9. I feel you’re pain! I just graduated with over $30,000 in debt myself and even with piching every penny and being extremely frugal I feel like I don’t get anywhere. Like Justin, mentioned, I’ve tried to make the loan payments an afterthought and instead focus on creating new revenue streams rather than paying off my loans. It distracts me from the reality of the crushing loans which cannot be changed and instead shifts it to what I can change (developing a plan, learning new skills, meeting new people) These are things that CAN help… or at least WILL EVENTUALLY help.

    This change in perspective alone has helped me immensely. I do slip back into depression about the loans every once and a while but refocusing has always helped me pull out of it.

    • I hope I can get better at this. My attention always seems to shift back to paying off the loans. Maybe it is due to the fact that I’m using so much money to pay off the debt that I’m currently not partaking in activities that could distract me a little. I guess I should go out more with friends eh?

  10. Hey love! I just wanted to tell you, I’m in the exact same place as you right now. I relate to everything in this post. & This >>> “I know what I want to do, but I can’t do it right now” and having panic attacks, feeling trapped, seeing no light at the end of the tunnel… I’m right there with you girl. Not just for student loan debt but also other personal reasons, and I too feel trapped indefinitely. But we need to remind ourselves that THERE IS light at the end of the tunnel! WE WILL be out there traveling full-time soon enough. We may be 25, but we’re still young and still have plenty of years to travel after we take care of these debts and issues. You’re not alone, and I’m always here to talk if you ever need/want to vent to someone who’s going through a similar situation 🙂 I agree though, it’s hard to stay inspired to write when we’re not out there.. but we will be soon. Just focus on other things you love until then.. That’s what I’m trying to do. Miss you girl! Email/call me anytime! -Gina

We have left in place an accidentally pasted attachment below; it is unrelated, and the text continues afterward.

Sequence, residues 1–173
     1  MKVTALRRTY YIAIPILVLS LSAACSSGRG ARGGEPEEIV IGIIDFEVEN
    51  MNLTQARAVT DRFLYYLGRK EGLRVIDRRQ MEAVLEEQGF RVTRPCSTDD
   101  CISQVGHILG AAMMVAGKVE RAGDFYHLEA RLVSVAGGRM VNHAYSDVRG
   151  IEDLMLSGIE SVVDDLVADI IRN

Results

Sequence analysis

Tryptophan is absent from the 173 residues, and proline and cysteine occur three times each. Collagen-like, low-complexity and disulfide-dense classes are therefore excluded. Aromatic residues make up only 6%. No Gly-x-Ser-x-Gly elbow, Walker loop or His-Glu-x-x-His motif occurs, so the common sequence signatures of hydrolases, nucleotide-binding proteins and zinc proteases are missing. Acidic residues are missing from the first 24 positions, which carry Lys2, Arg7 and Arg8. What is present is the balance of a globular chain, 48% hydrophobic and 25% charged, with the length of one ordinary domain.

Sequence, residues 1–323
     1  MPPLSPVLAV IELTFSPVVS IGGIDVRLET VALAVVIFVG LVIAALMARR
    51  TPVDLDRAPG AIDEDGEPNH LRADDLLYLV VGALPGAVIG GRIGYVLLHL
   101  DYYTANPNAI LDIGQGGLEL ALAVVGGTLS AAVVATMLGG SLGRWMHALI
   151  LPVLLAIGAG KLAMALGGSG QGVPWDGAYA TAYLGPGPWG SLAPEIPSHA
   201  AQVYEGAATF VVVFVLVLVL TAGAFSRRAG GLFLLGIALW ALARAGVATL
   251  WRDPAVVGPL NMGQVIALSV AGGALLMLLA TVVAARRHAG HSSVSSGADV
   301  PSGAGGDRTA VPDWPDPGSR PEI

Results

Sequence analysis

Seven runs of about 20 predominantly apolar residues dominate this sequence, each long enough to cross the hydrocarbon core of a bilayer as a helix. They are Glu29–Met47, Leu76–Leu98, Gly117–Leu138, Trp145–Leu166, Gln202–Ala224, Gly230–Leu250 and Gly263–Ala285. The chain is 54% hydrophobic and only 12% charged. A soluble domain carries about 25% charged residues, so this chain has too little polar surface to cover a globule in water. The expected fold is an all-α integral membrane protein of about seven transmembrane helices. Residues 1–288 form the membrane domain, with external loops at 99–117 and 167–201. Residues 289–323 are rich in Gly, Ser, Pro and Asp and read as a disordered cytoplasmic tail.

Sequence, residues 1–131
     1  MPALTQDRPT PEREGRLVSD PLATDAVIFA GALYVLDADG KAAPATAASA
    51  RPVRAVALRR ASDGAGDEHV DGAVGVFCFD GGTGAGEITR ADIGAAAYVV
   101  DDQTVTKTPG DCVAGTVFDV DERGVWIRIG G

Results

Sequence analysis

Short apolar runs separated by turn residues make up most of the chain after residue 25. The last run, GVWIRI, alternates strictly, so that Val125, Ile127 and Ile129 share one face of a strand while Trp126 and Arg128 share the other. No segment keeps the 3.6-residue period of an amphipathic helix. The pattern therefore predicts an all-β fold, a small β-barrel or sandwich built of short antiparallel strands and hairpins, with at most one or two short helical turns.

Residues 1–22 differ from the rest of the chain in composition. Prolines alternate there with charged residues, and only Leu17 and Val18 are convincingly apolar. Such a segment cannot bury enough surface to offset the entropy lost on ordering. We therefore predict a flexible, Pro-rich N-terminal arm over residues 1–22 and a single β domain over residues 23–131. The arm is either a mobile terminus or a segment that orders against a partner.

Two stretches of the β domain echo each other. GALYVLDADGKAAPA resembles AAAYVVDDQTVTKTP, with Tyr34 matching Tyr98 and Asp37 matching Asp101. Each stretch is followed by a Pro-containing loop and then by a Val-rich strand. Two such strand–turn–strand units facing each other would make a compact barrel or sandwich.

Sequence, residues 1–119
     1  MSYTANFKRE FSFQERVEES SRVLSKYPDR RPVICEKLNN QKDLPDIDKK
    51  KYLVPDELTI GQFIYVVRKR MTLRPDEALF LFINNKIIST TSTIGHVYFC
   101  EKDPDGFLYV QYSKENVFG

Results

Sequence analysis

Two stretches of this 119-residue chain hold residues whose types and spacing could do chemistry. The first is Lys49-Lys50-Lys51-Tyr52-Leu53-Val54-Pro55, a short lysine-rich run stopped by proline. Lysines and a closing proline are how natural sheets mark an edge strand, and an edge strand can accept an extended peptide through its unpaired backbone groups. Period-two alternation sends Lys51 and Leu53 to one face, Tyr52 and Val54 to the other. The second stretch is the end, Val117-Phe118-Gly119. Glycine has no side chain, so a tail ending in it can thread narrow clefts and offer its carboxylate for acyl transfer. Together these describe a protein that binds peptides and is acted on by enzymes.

11. I know this feeling all to well. Nothing to apologize for.

    So here is an idea:

    What if, instead of planning for the big picture, you plan for the reality that this loan is just part of whatever it is you going to do for the next 10 years. If you can make a plan to create the income that pays the minimum payment each and every month, you solve your problem, and then you can leave. Carry the debt with you and just consider it a monthly fee you’re paying to live the life of your dreams.

    You know that I’m all about patience and responsibility, but we all have limits. Maybe plan A is not your best plan. Maybe it’s best to leave the job, create a smaller income, and pay the debt slowly. Lot’s of options. More than you think.

    Take a deep breath and look for a plan B. I changed my plan a million times. It’s OK to do that. You’ll figure it out!

    • and such a type a person, that changing the plan to delay paying off the debt, and seeing that will past 2015, would be a heavy burden on me as well. I know, I’m weird!

      Instead, I thought of Plan B to be finding a well-paying job abroad. This way, I can be traveling and exploring a new place, all while still making a big dent off my debt! I’ll keep you updated on what happens 🙂